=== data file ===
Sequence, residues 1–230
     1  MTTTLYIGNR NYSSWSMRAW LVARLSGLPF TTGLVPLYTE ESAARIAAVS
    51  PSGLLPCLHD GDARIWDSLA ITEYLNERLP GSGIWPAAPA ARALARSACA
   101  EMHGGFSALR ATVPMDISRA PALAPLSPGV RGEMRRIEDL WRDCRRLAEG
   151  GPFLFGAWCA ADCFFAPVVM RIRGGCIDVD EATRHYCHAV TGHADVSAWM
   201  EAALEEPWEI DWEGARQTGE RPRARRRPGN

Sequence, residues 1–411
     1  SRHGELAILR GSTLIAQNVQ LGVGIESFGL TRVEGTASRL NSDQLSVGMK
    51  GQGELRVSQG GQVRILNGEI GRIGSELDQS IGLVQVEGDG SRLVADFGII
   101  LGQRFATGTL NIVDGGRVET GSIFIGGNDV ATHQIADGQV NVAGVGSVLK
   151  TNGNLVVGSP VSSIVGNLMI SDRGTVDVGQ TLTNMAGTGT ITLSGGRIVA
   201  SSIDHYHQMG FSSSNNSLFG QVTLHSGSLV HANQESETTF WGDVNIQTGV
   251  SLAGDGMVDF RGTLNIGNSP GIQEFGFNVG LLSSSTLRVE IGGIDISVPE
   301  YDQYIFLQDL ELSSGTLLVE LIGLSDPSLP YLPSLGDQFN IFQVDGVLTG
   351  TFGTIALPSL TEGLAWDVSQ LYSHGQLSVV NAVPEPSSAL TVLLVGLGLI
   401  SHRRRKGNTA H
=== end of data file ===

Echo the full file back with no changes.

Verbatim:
Sequence, residues 1–230
     1  MTTTLYIGNR NYSSWSMRAW LVARLSGLPF TTGLVPLYTE ESAARIAAVS
    51  PSGLLPCLHD GDARIWDSLA ITEYLNERLP GSGIWPAAPA ARALARSACA
   101  EMHGGFSALR ATVPMDISRA PALAPLSPGV RGEMRRIEDL WRDCRRLAEG
   151  GPFLFGAWCA ADCFFAPVVM RIRGGCIDVD EATRHYCHAV TGHADVSAWM
   201  EAALEEPWEI DWEGARQTGE RPRARRRPGN

Sequence, residues 1–411
     1  SRHGELAILR GSTLIAQNVQ LGVGIESFGL TRVEGTASRL NSDQLSVGMK
    51  GQGELRVSQG GQVRILNGEI GRIGSELDQS IGLVQVEGDG SRLVADFGII
   101  LGQRFATGTL NIVDGGRVET GSIFIGGNDV ATHQIADGQV NVAGVGSVLK
   151  TNGNLVVGSP VSSIVGNLMI SDRGTVDVGQ TLTNMAGTGT ITLSGGRIVA
   201  SSIDHYHQMG FSSSNNSLFG QVTLHSGSLV HANQESETTF WGDVNIQTGV
   251  SLAGDGMVDF RGTLNIGNSP GIQEFGFNVG LLSSSTLRVE IGGIDISVPE
   301  YDQYIFLQDL ELSSGTLLVE LIGLSDPSLP YLPSLGDQFN IFQVDGVLTG
   351  TFGTIALPSL TEGLAWDVSQ LYSHGQLSVV NAVPEPSSAL TVLLVGLGLI
   401  SHRRRKGNTA H